How quickly will we have a COVID-19 vaccine, and how will we know it's safe?

A subject receives a shot
A subject receives a shot in the first-stage safety study clinical trial of a potential vaccine by Moderna for COVID-19 at the Kaiser Permanente Washington Health Research Institute in Seattle on March 16, 2020. According to results released on Tuesday, July 14, 2020, early-stage testing showed the first COVID-19 vaccine tested in the U.S. revved up people's immune systems the way scientists had hoped. The vaccine is made by the National Institutes of Health and Moderna Inc.
Ted S. Warren | AP Photo file

Americans have been getting a lot of confusing messages lately — including from President Trump — about when a COVID-19 vaccine will be ready.

Trump has said a vaccine could be ready this month, but Pfizer officials have said only that they’ll know more about the timing of a vaccine by the end of October. Pfizer and German company BioNTech are working on one of the leading candidates for a U.S. vaccine. The other is being developed by Moderna, which has said its vaccine won’t be widely available until March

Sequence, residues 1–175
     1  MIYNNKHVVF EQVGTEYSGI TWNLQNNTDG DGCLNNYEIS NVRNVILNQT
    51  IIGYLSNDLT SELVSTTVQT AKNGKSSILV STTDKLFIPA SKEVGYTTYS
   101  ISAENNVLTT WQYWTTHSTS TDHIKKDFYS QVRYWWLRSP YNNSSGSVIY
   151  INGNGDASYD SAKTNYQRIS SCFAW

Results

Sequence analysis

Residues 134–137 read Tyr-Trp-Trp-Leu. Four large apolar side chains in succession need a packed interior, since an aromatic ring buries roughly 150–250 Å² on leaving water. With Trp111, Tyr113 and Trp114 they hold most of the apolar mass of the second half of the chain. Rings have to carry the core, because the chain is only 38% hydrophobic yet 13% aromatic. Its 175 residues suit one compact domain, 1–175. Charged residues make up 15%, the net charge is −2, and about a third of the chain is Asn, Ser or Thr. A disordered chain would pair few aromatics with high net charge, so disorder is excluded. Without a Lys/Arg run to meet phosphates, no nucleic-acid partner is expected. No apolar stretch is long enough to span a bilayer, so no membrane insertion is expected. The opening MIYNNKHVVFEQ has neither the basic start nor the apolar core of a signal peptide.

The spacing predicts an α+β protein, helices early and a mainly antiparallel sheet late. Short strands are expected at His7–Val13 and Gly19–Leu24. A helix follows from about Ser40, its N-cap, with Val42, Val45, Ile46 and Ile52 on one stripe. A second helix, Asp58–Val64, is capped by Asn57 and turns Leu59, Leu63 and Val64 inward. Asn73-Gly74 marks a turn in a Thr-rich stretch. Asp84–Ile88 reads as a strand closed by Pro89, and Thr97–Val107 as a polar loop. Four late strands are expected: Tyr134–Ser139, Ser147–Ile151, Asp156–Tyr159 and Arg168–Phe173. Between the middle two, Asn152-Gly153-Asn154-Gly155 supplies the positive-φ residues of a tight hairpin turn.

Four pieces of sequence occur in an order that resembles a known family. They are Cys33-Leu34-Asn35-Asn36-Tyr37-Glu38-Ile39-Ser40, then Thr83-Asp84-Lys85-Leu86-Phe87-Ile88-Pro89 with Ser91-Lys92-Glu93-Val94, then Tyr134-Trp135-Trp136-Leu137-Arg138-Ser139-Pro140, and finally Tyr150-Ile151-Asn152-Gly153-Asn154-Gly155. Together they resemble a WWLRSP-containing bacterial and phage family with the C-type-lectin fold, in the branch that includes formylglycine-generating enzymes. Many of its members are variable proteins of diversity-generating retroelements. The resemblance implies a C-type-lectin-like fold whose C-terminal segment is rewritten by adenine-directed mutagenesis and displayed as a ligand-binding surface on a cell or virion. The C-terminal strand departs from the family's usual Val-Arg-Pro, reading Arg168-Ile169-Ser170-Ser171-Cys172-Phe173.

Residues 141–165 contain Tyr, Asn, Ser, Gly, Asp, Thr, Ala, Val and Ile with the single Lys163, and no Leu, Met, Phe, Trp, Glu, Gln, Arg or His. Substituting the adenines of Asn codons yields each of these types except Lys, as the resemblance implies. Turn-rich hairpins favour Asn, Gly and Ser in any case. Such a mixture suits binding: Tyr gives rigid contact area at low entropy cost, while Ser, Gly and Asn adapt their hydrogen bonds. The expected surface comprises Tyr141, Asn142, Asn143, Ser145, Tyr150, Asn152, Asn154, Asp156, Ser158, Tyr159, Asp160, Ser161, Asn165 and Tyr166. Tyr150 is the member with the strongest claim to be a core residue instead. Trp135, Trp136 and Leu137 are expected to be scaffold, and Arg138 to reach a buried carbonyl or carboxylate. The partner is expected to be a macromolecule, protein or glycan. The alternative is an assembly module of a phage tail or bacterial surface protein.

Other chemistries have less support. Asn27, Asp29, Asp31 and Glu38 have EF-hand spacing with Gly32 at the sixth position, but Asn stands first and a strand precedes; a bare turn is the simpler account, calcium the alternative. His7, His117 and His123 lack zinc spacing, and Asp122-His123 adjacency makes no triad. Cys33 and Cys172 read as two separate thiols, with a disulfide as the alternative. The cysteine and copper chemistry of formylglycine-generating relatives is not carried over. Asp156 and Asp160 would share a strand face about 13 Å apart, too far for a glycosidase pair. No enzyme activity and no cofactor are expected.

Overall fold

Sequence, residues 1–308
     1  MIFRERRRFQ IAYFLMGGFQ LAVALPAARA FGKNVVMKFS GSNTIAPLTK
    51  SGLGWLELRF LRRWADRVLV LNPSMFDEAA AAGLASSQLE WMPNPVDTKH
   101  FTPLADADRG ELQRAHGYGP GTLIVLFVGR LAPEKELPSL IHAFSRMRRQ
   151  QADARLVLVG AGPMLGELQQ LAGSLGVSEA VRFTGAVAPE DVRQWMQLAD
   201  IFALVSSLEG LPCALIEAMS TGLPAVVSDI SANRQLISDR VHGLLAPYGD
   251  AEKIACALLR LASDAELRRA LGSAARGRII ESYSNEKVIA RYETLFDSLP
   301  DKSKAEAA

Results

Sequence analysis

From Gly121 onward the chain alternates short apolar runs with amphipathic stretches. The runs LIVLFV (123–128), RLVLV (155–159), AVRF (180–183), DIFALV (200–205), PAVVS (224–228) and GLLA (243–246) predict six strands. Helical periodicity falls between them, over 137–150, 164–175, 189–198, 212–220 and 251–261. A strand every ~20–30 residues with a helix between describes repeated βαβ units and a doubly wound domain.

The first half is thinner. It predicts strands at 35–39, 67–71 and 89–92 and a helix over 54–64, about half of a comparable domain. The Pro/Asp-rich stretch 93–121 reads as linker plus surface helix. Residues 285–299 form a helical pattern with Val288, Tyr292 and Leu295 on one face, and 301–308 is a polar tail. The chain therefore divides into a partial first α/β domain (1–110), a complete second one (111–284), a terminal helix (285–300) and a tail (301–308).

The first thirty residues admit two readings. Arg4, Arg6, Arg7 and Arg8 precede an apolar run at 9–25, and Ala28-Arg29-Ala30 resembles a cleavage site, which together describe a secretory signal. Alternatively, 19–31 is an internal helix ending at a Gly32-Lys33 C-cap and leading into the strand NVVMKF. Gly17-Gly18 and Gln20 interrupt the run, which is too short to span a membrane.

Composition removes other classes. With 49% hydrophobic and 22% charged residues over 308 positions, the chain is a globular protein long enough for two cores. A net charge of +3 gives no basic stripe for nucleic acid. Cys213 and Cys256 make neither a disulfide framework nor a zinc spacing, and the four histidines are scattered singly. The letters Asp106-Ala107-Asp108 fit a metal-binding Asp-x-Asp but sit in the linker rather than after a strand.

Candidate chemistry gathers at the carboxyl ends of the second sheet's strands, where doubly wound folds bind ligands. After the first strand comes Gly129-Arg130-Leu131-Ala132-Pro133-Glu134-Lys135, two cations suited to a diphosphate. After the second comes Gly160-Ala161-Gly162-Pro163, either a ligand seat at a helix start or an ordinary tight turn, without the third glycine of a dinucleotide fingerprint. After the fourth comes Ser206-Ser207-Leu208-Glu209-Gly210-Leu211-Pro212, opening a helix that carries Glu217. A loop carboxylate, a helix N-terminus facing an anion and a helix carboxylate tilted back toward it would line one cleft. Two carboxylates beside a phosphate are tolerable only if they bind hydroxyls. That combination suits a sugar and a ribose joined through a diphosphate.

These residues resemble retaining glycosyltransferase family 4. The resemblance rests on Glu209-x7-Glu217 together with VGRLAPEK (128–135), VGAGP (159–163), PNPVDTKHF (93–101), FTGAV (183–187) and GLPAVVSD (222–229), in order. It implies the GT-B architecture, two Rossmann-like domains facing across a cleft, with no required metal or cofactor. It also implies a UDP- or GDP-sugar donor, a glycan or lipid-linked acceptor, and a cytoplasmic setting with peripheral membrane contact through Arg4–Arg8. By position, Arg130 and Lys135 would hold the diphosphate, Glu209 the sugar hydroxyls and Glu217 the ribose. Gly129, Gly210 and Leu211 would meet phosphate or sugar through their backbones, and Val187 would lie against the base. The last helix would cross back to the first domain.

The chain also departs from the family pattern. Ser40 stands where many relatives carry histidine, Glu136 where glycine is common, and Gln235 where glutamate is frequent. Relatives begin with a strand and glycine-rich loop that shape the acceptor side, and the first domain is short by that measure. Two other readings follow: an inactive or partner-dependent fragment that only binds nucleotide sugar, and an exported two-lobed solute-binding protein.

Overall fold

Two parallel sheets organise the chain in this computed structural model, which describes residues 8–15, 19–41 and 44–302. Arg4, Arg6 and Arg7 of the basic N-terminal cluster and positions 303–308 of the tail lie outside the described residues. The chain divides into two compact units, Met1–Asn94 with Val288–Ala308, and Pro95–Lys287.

While the companies are making progress on the vaccines, figuring out how to deploy them once they’re ready could be complicated. And will enough people voluntarily get vaccinated to stop the spread of COVID-19?

On Monday at 9 a.m., MPR News host Kerri Miller spoke with a vaccine researcher and an epidemiologist about the latest efforts to develop a COVID-19 vaccine. 

Guests:

Kumi Smith is an assistant professor in the Division of Epidemiology and Community Health at the University of Minnesota.

Dr. Greg Poland is the director of the Vaccine Research Group at Mayo Clinic.


To listen to the full conversation you can use the audio player above.

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